When past-due statements are piling up, and you don't want to lose the house, a Chapter 13 bankruptcy might be the right solution.

Having your back against the wall in any situation can leave you feeling like you're caught in a Choose Your Own Adventure children's story: If you decide to cross the river, turn to page 7. If you decide to go back down the trail, turn to page 8. Unfortunately, real life isn't quite that cut-and-dried, particularly when the conflict involves burdensome debt payments.

If your blood pressure starts rising faster than the impending rate increase on your adjustable-rate mortgage, it's time to make a plan. Refinancing that debt with an affordable, fixed-rate mortgage is often the ideal solution. Unfortunately, as many homeowners are now realizing, the mortgage markets aren't as welcoming as they used to be. Refinance mortgages are in short supply, particularly for lesser qualified applicants.

Many debtors are finding comfort in a second-best solution: Chapter 13 bankruptcy. This option is appealing to homeowners because it allows them to avoid foreclosure. The other option, Chapter 7 bankruptcy, generally results in liquidation of the debtor's property, including real estate. Given the shockwaves running through the housing and mortgage industries, it isn't surprising that Chapter 13 filings are on the rise.

Bankruptcy basics


Chapter 13 bankruptcy is best suited for gainfully employed individuals who've had a temporary economic setback. It isn't going to wipe away the debt, but it will allow for short-term debt reorganization. As part of the filing process, the debtor must create a plan to repay the past-due bills within three to five years. While making those payments, the debtor must also stay current on all other bills that come due. Meanwhile, the court prohibits creditors from pursuing collections or legal proceedings, including foreclosure.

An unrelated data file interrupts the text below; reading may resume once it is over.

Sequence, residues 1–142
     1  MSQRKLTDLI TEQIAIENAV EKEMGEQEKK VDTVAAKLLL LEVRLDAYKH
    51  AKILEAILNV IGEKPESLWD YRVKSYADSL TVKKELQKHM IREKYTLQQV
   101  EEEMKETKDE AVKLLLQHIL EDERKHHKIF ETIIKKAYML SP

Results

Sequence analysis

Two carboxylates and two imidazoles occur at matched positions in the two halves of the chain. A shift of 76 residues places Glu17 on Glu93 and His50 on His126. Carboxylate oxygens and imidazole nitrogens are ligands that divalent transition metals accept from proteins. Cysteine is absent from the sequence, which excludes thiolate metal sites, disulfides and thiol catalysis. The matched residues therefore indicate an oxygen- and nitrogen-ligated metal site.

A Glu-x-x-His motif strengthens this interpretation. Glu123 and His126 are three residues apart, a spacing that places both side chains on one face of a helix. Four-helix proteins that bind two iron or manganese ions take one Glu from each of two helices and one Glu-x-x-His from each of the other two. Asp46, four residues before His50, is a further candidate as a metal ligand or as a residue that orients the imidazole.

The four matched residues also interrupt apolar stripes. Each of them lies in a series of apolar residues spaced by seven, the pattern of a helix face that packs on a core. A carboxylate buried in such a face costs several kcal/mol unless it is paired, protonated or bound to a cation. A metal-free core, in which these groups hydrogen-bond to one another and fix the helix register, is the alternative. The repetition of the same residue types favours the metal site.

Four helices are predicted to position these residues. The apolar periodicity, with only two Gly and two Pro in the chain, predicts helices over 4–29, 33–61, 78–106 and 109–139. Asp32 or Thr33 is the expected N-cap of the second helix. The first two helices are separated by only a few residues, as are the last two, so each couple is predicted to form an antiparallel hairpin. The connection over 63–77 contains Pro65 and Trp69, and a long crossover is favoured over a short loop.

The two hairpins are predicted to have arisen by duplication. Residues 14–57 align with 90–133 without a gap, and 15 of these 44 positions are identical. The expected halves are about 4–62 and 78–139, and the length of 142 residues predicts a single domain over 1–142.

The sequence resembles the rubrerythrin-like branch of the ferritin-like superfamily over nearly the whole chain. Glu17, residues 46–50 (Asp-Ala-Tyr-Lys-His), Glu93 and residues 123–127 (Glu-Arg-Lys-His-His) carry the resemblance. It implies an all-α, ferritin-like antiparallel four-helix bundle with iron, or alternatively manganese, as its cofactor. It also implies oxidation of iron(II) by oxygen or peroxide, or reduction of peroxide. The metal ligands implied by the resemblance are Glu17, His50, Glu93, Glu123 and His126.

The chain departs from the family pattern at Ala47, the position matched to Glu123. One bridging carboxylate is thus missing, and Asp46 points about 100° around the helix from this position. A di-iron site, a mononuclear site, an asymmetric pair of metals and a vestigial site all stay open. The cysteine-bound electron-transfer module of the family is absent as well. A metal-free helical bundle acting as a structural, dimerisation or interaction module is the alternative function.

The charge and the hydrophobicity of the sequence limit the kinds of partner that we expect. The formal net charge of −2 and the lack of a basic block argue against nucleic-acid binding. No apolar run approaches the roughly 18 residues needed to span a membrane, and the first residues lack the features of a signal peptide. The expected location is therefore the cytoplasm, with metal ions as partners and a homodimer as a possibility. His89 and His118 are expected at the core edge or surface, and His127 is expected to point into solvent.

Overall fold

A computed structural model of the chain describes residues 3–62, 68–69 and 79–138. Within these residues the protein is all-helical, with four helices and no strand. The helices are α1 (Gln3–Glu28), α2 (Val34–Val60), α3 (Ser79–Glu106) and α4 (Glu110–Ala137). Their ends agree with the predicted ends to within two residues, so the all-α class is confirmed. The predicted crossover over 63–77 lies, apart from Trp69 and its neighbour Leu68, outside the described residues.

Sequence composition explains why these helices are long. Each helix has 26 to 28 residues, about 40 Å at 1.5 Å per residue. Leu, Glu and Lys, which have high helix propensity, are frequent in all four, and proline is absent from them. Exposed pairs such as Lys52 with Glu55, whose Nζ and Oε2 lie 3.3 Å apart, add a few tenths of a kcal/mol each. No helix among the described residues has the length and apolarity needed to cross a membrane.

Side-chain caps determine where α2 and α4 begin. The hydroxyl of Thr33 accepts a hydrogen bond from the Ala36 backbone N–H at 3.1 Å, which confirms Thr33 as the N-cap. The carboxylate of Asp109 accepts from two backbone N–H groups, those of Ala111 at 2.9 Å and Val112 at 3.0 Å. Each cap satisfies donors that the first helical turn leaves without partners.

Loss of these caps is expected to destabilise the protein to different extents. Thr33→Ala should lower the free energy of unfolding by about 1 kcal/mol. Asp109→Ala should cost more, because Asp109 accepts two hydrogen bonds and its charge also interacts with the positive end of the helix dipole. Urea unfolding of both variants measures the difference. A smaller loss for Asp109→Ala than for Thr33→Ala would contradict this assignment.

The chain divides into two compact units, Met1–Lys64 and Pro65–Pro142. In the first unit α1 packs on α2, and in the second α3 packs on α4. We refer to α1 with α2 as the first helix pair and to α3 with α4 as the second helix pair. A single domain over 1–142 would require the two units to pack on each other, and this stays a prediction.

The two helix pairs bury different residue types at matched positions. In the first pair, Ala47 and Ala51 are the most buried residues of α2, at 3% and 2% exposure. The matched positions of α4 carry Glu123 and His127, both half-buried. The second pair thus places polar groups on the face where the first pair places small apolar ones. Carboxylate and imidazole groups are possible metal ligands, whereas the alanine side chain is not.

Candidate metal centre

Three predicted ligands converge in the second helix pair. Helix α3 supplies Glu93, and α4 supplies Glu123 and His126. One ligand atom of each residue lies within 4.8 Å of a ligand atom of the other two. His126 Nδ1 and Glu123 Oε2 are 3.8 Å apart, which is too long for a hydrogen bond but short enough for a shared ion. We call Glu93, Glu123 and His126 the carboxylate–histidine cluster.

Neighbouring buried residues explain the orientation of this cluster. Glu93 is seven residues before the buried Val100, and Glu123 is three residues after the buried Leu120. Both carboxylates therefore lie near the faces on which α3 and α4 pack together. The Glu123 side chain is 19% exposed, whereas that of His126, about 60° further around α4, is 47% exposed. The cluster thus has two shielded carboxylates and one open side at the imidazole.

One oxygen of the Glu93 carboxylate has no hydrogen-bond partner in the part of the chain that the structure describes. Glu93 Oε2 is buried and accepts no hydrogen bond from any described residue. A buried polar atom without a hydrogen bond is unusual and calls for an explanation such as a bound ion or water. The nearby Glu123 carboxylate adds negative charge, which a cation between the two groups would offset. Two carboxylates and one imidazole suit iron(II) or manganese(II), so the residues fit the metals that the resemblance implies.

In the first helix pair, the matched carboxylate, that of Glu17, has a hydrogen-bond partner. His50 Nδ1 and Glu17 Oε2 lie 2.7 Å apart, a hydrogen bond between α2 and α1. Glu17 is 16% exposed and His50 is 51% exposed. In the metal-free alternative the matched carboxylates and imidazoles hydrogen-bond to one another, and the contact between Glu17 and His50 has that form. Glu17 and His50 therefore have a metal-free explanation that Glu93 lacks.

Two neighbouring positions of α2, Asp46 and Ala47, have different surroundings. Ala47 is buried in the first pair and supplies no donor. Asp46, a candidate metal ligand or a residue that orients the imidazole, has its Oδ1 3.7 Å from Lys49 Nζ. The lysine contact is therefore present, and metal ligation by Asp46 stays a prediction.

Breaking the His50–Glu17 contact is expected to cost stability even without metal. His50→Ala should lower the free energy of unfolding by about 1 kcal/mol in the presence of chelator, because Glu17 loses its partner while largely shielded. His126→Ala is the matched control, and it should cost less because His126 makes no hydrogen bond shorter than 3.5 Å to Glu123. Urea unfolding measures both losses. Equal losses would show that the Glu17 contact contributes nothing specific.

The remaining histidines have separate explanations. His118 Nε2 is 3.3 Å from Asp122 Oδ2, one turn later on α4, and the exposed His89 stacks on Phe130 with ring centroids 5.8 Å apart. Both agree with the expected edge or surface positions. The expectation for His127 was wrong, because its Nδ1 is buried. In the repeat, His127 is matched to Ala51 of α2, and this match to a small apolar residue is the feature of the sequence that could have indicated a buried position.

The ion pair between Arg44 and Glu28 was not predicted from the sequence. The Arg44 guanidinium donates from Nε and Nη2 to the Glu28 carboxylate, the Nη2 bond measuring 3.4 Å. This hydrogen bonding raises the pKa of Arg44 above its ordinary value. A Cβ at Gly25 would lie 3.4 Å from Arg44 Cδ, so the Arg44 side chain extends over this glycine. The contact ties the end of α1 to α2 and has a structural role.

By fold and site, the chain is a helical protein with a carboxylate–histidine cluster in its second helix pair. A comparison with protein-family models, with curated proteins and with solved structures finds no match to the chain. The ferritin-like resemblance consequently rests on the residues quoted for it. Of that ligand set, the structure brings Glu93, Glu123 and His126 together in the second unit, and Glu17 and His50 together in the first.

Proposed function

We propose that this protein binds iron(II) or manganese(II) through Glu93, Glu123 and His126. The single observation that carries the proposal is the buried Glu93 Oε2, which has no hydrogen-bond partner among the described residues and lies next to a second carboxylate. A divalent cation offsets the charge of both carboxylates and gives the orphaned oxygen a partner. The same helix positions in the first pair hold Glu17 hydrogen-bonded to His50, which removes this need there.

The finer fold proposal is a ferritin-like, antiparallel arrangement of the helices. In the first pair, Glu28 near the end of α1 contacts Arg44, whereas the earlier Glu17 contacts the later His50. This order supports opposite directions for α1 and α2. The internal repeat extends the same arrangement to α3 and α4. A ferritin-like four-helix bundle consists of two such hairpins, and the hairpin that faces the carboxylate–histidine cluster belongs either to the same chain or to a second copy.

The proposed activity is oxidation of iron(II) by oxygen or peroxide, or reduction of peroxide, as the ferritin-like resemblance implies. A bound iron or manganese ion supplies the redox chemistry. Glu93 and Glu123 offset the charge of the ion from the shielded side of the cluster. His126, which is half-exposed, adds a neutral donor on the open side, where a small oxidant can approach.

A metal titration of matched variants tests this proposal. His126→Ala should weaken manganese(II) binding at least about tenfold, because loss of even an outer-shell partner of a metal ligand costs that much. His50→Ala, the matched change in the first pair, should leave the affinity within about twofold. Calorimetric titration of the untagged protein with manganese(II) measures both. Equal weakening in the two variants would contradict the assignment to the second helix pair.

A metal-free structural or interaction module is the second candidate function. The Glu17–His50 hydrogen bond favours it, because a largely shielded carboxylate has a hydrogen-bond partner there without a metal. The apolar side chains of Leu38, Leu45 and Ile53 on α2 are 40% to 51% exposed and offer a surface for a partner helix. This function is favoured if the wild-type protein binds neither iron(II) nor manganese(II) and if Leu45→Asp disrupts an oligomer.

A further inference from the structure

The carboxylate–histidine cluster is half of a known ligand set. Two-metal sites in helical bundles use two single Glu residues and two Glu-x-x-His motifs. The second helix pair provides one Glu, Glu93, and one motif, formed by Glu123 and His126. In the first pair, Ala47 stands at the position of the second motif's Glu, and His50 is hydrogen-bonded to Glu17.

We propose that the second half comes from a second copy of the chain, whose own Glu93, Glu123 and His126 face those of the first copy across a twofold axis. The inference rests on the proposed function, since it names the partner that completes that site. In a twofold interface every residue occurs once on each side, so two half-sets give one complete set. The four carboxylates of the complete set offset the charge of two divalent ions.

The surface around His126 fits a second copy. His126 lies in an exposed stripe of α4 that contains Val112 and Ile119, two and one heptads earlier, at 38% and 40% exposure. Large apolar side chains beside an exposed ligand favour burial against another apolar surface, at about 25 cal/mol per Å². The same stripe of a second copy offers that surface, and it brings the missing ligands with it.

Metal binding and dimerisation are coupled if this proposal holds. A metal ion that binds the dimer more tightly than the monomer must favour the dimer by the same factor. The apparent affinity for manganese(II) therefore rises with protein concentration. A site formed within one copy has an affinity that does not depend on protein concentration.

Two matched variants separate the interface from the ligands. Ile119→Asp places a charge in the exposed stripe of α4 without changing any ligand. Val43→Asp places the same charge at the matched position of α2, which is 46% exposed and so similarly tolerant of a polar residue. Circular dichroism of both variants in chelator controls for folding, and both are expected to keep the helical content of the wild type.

Chapter 13 is not without its disadvantages, however. Debtors who can't afford their current mortgage payments aren't suitable candidates. This, unfortunately, excludes many of today's homeowners who are caught in overpriced, adjustable-rate mortgages.

Further, the court expects that all of a borrower's excess cash flow will go towards the debt repayment. Debtors, therefore, have little budget room for surprise expenses during that repayment period. Some borrowers who can't keep up with current bills and the repayments might end up filing for Chapter 7 bankruptcy, anyway, which also adds legal costs.

A Chapter 13 filing also does serious damage to the debtor's credit score. Notification of the filing remains on the credit report for up to 10 years, which makes for a slow financial recovery.

Despite the drawbacks, debtors who need help catching up on past-due mortgage payments might find Chapter 13 the most attractive alternative.

Just like the Choose Your Own Adventure stories, a debt problem presents limited options for resolution. You'll simply have to choose which one seems best for your situation. The sooner you do that, the sooner you can move on to the next chapter of your financial future.

Published on November 30, 2007